What is the point of Java on the iPhone?

March 12th, 2008
Filed under: Apple, General, iPhone, Java, Mac OS X | Huibert @ 9:20 pm

java_iphone-thumb.gifI love Java. A large part of my success as a software developer over the last decade is due to the fact that I was an early Java adopter. Java also allowed me to grow professionally and become a Software IT Architect at IBM. Over the years I have written many J2EE web apps, some J2SE applications and even one Java2ME program for a Sony-Ericsson handset. The fact is that I am totally convinced by the many benefits of Java and I do not feel attracted by any other language to write enterprise web applications. But seriously, Java for the iPhone? Why?

On the server, J2EE is extremely appealing because it is an open, scalable, secure technology that allows developers to create complex solutions. If you plan to integrate all kind of legacy systems or develop true robust distributed systems Java simply has no competition.

On the desktop, the situation is quite different. Sun Microsystems tried to create a platform that would allow developers to create applications that would work on any OS. Their first attempt at providing a common GUI was the AWT. It was a complete failure because it only allowed to use controls common to all existing platforms. Complex controls such as trees or tables could not be used because even if they existed on Windows or the Mac, they were not available on other OSes such as QNX. The second attempt, an API usually known as Swing (or JFC) tried to solve the problem by avoiding native widgets altogether. Instead, each component was drawn in Java, bypassing the OS. This move allowed Sun to support complex controls on any OS. However, the first release of Swing was painfully slow and a memory hog. As a result, most developers have avoided the technology despite Sun’s efforts to improve it in subsequent releases. The problem is that every time the Look and Feel of an OS is updated, Swing needs to be updated also, to ensure that widgets are drawn properly. IBM proposed a better solution, called SWT, used in Eclipse and many other Java applications. Instead of hand drawing all controls, SWT uses native controls when available and draws them manually as a last resort. The result is a more efficient API that produces much better results. Even so, users normally can quickly spot Java desktop apps because they simply do not look native. This is specially true on the Mac. While PC users seem to have no problem at all using Java applications such as Azureus, Mac users seem to prefer non Java alternatives such as XTorrent or Transmission. To make a long story short, those who designed the Java strategy for fat clients assumed that all GUI were similar and that any differences were merely cosmetic. It was a terrible assumption that was made well before Apple migrated from OS 9 to OS X (which makes heavy use of transparency and animations) by people who could not envision how technologies such as hardware accelerated graphics would impact GUIs. The result is that very few still consider Java as a viable option for creating desktop applications.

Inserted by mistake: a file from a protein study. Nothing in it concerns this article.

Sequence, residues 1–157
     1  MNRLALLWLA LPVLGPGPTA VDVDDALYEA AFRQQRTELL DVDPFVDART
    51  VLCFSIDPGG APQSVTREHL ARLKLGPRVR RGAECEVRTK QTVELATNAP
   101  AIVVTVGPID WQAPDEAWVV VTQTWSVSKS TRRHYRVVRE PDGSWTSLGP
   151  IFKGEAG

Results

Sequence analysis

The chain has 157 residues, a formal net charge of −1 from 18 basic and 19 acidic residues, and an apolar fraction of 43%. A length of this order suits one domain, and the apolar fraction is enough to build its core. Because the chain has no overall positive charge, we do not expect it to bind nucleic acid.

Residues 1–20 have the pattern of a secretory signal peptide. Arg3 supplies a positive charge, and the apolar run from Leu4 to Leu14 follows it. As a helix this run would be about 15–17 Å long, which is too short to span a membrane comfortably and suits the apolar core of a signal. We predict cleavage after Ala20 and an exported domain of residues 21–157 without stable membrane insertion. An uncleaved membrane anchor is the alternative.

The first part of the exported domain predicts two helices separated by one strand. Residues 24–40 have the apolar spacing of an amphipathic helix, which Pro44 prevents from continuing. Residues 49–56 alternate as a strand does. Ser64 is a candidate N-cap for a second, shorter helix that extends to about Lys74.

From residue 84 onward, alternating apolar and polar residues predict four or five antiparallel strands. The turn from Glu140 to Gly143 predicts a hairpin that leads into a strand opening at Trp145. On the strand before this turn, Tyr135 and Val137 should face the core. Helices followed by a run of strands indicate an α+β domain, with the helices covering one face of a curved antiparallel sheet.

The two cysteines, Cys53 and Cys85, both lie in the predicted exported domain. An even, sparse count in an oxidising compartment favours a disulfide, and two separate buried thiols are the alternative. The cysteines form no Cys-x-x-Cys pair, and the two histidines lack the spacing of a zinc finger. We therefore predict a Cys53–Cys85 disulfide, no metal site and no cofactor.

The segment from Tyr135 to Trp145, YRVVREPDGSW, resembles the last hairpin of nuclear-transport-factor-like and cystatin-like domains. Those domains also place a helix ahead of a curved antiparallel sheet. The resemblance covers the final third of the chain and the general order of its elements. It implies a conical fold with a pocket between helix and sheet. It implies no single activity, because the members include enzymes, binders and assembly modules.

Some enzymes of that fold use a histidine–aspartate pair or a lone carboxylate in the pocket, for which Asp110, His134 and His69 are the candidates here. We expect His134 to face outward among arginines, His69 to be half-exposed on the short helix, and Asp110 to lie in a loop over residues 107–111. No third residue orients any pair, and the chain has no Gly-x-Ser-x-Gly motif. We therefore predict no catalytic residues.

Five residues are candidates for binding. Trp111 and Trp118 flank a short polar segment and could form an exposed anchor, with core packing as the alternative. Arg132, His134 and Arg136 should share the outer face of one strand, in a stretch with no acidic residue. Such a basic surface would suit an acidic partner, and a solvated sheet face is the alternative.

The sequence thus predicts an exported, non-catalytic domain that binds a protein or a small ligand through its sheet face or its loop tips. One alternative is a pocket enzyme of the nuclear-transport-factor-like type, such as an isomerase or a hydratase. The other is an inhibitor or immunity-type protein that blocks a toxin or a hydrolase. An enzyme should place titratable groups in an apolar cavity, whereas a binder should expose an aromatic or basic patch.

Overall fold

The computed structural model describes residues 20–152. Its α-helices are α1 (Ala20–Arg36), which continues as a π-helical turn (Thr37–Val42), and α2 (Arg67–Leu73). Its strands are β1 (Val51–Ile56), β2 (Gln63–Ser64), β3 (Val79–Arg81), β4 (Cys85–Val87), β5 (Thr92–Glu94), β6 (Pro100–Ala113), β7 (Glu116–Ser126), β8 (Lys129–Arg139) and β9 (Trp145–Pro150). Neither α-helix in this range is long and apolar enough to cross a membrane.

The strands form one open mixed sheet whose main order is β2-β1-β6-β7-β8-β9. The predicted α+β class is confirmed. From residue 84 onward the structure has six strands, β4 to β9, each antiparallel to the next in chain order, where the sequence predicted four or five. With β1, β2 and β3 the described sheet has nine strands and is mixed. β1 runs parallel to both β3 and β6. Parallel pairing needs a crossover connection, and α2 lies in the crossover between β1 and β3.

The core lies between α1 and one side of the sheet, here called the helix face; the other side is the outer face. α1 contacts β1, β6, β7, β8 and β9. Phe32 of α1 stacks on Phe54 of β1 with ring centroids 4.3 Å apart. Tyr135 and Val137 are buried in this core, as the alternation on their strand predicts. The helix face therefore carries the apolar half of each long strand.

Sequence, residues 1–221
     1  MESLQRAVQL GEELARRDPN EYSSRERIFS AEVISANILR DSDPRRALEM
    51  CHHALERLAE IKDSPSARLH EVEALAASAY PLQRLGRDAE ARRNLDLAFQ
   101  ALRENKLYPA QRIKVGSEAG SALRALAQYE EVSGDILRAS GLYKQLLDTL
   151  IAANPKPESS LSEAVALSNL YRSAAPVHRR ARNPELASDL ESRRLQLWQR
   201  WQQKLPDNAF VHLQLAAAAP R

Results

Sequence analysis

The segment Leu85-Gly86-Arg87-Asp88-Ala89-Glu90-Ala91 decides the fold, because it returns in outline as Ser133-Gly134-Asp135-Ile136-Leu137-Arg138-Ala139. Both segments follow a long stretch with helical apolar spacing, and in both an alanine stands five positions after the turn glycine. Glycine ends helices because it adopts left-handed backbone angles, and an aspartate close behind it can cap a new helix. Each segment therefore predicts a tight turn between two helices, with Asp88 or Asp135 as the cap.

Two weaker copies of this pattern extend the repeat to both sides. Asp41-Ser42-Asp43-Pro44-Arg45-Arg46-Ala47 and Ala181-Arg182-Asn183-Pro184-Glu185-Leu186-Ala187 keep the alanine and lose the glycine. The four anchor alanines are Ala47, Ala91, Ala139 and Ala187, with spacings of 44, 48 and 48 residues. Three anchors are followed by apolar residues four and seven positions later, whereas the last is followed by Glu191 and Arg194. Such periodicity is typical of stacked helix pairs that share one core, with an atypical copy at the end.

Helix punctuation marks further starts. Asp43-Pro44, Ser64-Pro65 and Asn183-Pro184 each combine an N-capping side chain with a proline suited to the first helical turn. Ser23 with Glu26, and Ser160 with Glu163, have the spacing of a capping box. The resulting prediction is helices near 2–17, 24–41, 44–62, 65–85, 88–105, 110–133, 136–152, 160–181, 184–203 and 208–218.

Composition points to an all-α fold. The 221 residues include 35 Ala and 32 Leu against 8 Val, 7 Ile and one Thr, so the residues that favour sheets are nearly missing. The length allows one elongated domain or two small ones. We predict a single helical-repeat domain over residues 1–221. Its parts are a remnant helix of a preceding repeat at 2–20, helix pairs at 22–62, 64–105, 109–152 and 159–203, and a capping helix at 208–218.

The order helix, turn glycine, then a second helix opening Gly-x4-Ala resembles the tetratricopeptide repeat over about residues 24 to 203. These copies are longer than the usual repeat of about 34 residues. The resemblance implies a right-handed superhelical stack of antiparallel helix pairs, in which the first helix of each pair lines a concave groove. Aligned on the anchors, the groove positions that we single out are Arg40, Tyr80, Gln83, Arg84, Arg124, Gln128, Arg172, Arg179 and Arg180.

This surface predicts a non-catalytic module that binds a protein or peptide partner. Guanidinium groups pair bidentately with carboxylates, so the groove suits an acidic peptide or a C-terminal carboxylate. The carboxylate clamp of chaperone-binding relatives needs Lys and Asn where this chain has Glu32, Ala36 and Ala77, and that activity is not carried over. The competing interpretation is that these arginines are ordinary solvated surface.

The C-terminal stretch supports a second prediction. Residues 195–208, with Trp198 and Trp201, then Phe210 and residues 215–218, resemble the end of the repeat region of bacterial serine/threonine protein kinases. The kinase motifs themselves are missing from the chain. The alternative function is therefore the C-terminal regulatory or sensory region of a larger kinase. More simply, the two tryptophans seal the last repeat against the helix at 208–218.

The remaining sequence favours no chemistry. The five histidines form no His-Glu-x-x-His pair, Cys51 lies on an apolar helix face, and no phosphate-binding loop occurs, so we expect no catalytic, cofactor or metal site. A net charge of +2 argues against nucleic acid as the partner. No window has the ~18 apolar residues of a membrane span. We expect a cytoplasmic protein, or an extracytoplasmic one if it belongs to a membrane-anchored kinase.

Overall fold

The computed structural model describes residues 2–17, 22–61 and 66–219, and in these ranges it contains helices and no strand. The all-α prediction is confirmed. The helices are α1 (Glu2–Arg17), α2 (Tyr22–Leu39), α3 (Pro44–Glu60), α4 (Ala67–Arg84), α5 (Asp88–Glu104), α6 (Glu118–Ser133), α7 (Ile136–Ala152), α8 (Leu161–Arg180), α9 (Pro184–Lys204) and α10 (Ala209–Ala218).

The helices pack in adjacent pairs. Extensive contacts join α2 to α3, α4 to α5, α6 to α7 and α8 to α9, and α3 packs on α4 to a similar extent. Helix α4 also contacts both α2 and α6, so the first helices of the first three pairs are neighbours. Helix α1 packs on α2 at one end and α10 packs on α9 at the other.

On a phone, the situation is even worse. Developers don’t really know what to expect from a Java capable phone. There isn’t much standardization and capabilities vary significantly from one phone to another. The main benefit of Java2ME on a cell phone is that it makes migrating applications from one cell phone to another relatively easy. This is specially true for mobile games that do not require a standard user interface and where all the display is handled by Open GL.

The iPhone is a device that lies somewhere between a computer and a phone. It has an amazing user interface that users expect applications to fully embrace. Java currently does not offer any solutions to work effectively with that aspect of the device. However, Java could still prove useful to help quickly migrate all those games written for other handsets to the iPhone. Is this important for Apple and iPhone customers? I doubt it. With over 100,000 SDKs downloaded in just over four days, it seems that the iPhone will not lack native software (including games). The announcement made by Sun that it plans to make Java available for the iPhone is mainly targeted at existing J2ME developers. The company run by Jonathan Schwartz wants to open a new market for their software development partners to prove the value of J2ME by making it easy to sell old content on a new platform.